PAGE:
Ford Focus Recall Repair Problems Result in NHTSA Investigation
Federal safety officials are investigating more than 1.2 million Ford Focus vehicles, which have been recalled twice over defective fuel system components that can damage the fuel tank and cause a sudden loss of vehicle power while in motion.
The U.S. National Highway Traffic Safety Administration (NHTSA) opened a Ford Fusion recall investigation on September 15, seeking to determine whether Ford’s repair remedy to fix faulty Canister Purge Valves (CPV) and Powertrain Control Module (PCM) software on 2012 through 2018 Ford Focus vehicles was sufficient.
The investigation was reopened following 98 new customer complaints claiming that their vehicle experienced similar fuel system problems but were not included in the recalls, or that they have continued to experience the same problems after receiving Ford recall repair.
Ford Fusion Fuel System Recalls
The Ford Focus vehicles being investigated were first recalled in October 2018, because the engines’ vacuums may run excessively and result in an engine stall, without the ability to restart.
The Ford Focus recall involved 1,282,596 model year 2012 through 2018 Ford Focus vehicles equipped with 2.0L GDI or 2.0L GTDI engines with a Canister Purge Valve (CPV) that may malfunction, causing excessive vacuum in the fuel vapor management system.
Ford indicated the faulty software could fail to respond when a malfunctioning valve sticks open, deforming the fuel tank and causing the vehicle to lose power. Customers may experience an illuminated dash light, an inaccurate gas gauge or loss of power, Ford officials warned. The manufacturer recommended customers with affected vehicles keep their gas tanks at least half full until a recall repair is obtained, to avoid running out of gas.
Ford announced its dealers would reprogram the Powertrain Control Module, check for fault codes and replace the CPV as needed. If the CPV is replaced, the carbon canister, fuel tank and fuel delivery module were also to be inspected and replaced as necessary.
The manufacturer issued a second recall over Ford Focus CPV problems in late 2019, indicating the originally recalled vehicles required additional updates for the PCM software designed to detect a malfunctioning CPV. The expansion also added roughly 60,000 Ford Focus vehicles to the recall, indicating they were assembled with similar components but were not included in the initial recall.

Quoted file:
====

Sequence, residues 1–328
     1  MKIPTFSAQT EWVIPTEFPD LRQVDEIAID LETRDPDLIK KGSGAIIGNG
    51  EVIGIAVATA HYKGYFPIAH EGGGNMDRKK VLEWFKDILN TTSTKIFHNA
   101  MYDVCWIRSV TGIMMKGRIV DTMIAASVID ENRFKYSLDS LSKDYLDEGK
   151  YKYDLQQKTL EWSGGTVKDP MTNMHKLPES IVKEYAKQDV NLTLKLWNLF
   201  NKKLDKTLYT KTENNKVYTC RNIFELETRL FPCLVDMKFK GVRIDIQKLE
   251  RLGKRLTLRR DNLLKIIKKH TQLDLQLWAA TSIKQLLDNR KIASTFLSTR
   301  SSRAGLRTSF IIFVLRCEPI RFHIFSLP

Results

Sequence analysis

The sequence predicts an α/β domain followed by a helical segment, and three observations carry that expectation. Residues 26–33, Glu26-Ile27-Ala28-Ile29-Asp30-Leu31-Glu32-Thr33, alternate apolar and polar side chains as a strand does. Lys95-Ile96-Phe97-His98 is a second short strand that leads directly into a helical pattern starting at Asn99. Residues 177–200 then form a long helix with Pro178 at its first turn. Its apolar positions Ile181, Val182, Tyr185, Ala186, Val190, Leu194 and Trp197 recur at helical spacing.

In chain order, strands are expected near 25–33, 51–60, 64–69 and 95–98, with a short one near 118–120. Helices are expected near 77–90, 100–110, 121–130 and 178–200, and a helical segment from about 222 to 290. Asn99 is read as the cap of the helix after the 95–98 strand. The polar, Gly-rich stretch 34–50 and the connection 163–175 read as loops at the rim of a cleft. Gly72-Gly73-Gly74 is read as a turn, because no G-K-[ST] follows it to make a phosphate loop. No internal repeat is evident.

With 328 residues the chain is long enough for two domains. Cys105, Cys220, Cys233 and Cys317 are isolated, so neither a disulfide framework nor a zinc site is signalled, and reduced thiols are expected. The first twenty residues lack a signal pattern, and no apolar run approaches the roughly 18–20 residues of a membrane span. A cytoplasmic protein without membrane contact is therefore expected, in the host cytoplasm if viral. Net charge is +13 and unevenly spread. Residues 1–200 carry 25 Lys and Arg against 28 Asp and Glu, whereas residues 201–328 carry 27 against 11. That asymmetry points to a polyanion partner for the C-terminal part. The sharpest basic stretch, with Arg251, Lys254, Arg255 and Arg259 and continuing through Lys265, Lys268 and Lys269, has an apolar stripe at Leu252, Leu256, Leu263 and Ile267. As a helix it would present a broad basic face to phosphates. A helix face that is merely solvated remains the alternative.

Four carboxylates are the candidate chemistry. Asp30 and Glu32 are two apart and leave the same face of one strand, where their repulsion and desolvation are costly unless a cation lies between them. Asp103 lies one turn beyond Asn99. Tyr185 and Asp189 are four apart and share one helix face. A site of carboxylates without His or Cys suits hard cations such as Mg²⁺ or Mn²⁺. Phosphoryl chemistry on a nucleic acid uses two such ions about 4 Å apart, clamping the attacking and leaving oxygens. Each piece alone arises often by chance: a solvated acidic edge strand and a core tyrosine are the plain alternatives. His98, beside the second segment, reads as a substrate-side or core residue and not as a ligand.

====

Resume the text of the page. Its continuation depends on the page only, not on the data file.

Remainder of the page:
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NHTSA Investigating Ford Loss of Power Problems
As a result of the continuous problems reported in relation to the repaired Ford Focus vehicles, NHTSA has opened a new investigation to assess the scope and effectiveness of the initial 2018 recall. Officials will review the repairs assigned for both 2018 and 2019 recalls to assess whether appropriate action was taken, and whether a third Ford Focus recall will be needed.
The probe comes as Ford is already being investigated by NHTSA for problems with nearly 65,000 Ford Mustang Mach-E vehicles, which were previously recalled due to battery failures, but appear to still be experiencing issues even after repairs were supposedly made.
NHTSA announced it had opened a Ford Mustang Mach-E recall repair investigation on August 17, indicating that the agency has become aware of at least a dozen consumer complaints involving their vehicles unexpectedly losing motive power after receiving Ford’s recall repairs.
The agency warns the vehicles can suddenly lose power and may not re-engage, increasing the risk of the occupants sustaining serious injuries in an auto accident.
Officials indicated that the electric vehicles appear to have received Ford’s software updates and replacement parts after the recall was announced. However, they are now investigating whether the repairs were adequate, as Mustang Mach-E owners continued to experience battery failures, which resulted in loss of power while they were driving. As of August 2023, the agency had become aware of at least 12 incidents involving drivers experiencing a sudden reduction or complete loss of power while operating the vehicle.
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